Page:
## Sinusoidal Dot-Products''

• The operation described in the previous section is referred to as a dot product'' or inner product''. More generally, the inner product of two real-valued discrete-time signals x[n] and y[n] is given by
 (3)

• As noted above, when x[n] is a sinusoidal signal of exactly one period of length N.

• Figure 3 shows the sinusoidal signal from Fig. 1 and another signal of frequency 4 times the first.

• Interestingly, the inner product of the signals of Fig. 3 is zero.

• This result can be generalized to all cases for discrete-time sinusoidal signals where: 1. Both period lengths are integer values; 2. Both signals contain an exact integer number of periods; and 3. The two signals are of different period lengths (or equivalently, of different frequencies).

• This result is interesting because it suggests that, given a signal composed of many sinusoidal components, we can perform a sequence of dot-products with sinusoids of different frequencies to determine which are present in the signal. That is, non-zero inner product results will indicate the presence of a particular frequency in the signal.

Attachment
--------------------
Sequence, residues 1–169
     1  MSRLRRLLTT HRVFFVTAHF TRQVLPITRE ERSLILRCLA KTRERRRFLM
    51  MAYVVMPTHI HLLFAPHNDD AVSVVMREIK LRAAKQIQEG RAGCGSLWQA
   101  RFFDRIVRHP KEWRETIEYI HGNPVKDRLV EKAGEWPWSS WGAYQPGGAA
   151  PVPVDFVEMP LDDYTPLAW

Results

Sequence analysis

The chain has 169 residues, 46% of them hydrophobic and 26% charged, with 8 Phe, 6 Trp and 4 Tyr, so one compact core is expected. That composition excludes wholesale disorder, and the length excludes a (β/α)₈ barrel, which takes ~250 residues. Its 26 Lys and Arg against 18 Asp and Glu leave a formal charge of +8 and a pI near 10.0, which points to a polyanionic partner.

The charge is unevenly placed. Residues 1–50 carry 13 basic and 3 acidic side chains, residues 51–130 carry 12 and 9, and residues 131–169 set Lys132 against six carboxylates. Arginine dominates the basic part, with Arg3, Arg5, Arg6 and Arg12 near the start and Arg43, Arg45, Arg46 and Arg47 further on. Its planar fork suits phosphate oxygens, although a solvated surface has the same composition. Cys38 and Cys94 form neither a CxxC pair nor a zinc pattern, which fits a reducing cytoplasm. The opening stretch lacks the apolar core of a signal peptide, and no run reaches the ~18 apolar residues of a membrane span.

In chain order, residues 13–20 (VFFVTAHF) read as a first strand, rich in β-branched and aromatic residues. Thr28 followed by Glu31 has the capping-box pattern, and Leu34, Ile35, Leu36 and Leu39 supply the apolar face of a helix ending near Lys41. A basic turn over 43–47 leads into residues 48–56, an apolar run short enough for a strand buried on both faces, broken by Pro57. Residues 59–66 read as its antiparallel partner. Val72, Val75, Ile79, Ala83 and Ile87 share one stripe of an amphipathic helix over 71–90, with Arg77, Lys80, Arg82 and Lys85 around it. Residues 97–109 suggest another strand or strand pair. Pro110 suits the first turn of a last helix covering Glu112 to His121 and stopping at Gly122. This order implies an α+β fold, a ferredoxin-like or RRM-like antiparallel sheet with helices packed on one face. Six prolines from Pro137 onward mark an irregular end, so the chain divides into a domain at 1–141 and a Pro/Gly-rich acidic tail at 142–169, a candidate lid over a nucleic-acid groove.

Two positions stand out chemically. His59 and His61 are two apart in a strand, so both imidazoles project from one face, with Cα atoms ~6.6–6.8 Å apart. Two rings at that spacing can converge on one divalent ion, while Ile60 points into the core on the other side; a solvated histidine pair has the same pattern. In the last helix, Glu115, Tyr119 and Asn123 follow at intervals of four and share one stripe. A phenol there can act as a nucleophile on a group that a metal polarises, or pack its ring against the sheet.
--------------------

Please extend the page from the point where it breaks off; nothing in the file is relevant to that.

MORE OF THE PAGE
• In addition, the inner product is proportional to the amplitude of the signals. For example, when x[n] is a sinusoidal signal of exactly one period of length N.

• Thus, we can compare'' a length N signal to a set of discrete-time sinusoidal components given by the normalized radian frequencies of for (the actual frequencies are given by , where fs is the sample rate).

• Note that these sinusoidal components are all integer multiples of a fundamental'' given by .

• The component allows us to compute the average, or DC, value of a signal (if we divide the inner product result by N).

• Before we get too excited, we should note what can happen to the dot-product when the phase of the two signals is not equal.

• In particular, the dot-product of our original signal w[n] and a phase shifted-version of itself produces a result that depends on the amount of phase shift, as shown in Table 1.

Table 1: Inner product values for w[n] and w[n] phase-shifted by radians.
 Phase Shift (radians) (N = 32) 0 16 11.3 0 -11.3 -16 -11.3 0 11.3

• Thus, a sinusoidal component could go completely undetected when using the dot-product technique suggested above if it is phase-shifted a quarter cycle relative to the comparison'' sinusoid of the same frequency.

• On the other hand, we are furtunate that the dot-product of sinusoids of different frequencies is not dependent on phase shifts. That is, the result is always zero when the two sinusoidal signal frequencies are unequal, no matter their relative phases.